S16: Large longitudinal studies from birth/early infancy to childhood/adolescence: Their importance and their contributions to children sleep knowledge
Sunday, April 29 | 2:30pm-4:00pm | Room Bordeaux
Chair: Sabine Plancoulaine (France)
Early determinants of child sleep in ELFE study
Sabine Plancoulaine (France)
GUSTO study from early infancy to childhood: Longitudinal sleep trajectories and developmental outcomes
Shirong Cai (Singapore)
Sleep in Australian children: Learnings from 12 years of national data from the Longitudinal Study of Australian Children
Jon Quach (Australia)
Summary of symposium:
« Large longitudinal studies from birth/early infancy to childhood/adolescence: their importance and their contributions to children sleep knowledge »
This symposium will present 4 birth or early infancy cohorts from different part of the world (Oceania, Asia, North America and Europe). Participants were recruited from the general population between 1997 for the oldest and 2011 for the most recent cohort. Children were followed up to nowadays. Presentations will focus on the contribution to children sleep knowledge on both determinants and health outcomes associated with sleep characteristics in early infancy, childhood and adolescence.
Sabine Plancoulaine will present the ELFE birth cohort (Etude Longitudinale Française depuis l’Enfance) that included 18329 children at birth in 2011. She will present the first results obtained on the early determinants of sleep characteristics at age 1 year.
Shirong Cai will present the Growing Up in Singapore Towards healthy Outcomes (GUSTO) study that recruited 1176 children at birth in 2009-2011. She will then focus on developmental outcomes. Jon Quach will present the Longitudinal Study of Australian Children that recruited 5000 0-1 year old and 5000 4-5 year old children in 2004-2005. He will then focus on the main results obtained within the cohort. Evelyne Touchette will present the Quebec Longitudinal Study of Child Development (QLSCD) that recruited 2120 children at birth in 1997-1998. She will also present new insight about longitudinal childhood sleep characteristics associated with mental health problems in adolescence, specifically the longitudinal relations between both nocturnal awakening duration and sleep latency trajectories in childhood and externalizing problems and suicidal thoughts at age 15.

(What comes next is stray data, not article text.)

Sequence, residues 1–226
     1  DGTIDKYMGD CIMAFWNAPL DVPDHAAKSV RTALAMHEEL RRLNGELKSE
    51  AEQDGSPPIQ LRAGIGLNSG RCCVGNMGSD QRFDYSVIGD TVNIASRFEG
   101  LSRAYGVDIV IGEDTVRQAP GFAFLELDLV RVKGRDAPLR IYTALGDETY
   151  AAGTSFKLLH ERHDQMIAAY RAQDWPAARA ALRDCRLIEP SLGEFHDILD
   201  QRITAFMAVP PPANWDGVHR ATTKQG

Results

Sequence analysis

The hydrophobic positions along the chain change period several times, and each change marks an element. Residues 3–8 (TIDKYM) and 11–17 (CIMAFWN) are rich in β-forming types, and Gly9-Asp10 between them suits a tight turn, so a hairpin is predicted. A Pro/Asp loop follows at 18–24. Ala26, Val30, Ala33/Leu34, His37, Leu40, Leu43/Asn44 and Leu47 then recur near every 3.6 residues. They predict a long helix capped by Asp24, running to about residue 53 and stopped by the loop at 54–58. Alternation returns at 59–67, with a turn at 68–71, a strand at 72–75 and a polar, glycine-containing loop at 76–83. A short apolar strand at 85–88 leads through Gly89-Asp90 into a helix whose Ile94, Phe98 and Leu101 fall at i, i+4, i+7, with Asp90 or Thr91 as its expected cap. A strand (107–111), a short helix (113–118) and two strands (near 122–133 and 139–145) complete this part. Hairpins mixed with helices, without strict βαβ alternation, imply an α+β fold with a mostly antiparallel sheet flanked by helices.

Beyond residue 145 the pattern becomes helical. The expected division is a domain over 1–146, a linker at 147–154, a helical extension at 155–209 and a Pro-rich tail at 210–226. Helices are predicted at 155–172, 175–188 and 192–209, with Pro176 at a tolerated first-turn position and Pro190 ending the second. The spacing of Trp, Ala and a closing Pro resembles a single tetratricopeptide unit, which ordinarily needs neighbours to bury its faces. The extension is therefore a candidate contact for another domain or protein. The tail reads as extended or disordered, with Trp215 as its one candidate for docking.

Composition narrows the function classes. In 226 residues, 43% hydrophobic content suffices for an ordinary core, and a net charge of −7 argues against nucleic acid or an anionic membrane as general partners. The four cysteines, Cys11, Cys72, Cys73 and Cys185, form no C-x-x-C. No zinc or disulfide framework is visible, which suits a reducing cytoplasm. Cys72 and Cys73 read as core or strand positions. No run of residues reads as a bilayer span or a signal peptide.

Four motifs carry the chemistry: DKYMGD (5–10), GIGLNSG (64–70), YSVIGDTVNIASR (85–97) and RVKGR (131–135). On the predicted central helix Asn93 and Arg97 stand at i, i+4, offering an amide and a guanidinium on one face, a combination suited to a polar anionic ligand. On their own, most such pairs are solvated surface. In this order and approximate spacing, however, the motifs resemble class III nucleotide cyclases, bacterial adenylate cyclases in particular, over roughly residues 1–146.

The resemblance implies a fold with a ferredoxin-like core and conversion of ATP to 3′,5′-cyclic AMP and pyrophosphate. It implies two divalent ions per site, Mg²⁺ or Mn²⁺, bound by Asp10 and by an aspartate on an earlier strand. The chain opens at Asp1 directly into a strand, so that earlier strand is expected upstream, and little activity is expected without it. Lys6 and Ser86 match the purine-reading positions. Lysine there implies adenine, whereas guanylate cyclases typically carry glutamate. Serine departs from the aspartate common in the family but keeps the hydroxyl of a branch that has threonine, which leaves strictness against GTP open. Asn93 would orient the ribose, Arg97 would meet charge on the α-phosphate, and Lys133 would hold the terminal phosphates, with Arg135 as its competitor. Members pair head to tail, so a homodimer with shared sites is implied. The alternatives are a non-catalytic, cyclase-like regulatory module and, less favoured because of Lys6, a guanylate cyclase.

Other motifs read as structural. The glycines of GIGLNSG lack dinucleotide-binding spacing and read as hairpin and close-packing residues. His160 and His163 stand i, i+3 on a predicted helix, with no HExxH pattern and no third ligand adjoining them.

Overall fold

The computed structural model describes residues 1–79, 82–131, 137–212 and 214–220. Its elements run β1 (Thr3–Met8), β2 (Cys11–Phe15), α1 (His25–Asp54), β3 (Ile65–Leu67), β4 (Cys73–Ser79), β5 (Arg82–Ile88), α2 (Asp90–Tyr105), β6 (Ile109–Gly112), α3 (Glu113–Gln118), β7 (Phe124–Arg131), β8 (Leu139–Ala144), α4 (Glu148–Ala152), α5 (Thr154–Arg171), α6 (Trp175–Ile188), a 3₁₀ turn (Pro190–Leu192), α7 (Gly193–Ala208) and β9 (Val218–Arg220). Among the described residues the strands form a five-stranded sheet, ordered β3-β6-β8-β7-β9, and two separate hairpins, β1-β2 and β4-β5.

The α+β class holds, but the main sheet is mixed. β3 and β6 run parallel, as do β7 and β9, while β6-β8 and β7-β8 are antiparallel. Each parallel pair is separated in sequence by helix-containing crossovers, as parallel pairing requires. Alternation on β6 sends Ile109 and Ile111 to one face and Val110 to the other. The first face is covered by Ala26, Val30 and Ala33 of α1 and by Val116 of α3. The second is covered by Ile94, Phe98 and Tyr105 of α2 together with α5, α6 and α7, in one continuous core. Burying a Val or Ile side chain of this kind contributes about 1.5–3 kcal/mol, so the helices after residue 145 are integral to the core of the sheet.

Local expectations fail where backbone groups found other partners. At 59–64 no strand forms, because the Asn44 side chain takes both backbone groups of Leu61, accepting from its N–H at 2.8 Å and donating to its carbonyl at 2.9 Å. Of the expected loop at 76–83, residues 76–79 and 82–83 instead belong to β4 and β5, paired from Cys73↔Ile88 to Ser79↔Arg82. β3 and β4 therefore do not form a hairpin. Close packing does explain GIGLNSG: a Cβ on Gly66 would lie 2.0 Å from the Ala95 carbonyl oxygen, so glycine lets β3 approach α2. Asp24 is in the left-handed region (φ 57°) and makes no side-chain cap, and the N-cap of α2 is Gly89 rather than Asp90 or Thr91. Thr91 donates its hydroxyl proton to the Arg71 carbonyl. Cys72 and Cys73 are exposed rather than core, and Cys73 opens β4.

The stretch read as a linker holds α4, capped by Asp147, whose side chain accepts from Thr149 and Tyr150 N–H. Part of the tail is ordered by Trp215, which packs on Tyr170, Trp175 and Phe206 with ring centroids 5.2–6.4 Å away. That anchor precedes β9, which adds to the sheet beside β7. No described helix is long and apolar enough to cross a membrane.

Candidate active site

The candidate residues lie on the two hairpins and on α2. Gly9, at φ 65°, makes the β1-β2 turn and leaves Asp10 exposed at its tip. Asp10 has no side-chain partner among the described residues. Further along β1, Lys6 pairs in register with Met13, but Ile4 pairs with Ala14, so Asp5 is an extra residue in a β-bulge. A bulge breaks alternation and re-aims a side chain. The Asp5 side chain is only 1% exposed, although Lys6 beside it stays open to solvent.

Upon Completion of this CME activity, participants should be able to:
1 Apprehend and understand the interest of longitudinal prospective approaches
2 Apprehend the type of information collected and available in non-clinical samples (different from clinical samples)
3 Apprehend the need and utility of longitudinal prospective studies to suggest possible causal associations between events or factors and outcomes
4 Understand associations between early determinants of infant and childhood sleep characteristics
5 Understand associations between infant and childhood sleep characteristics and subsequent health outcomes, as development and mental health difficulties
Pediatricians, clinical investigators, educators and public health specialists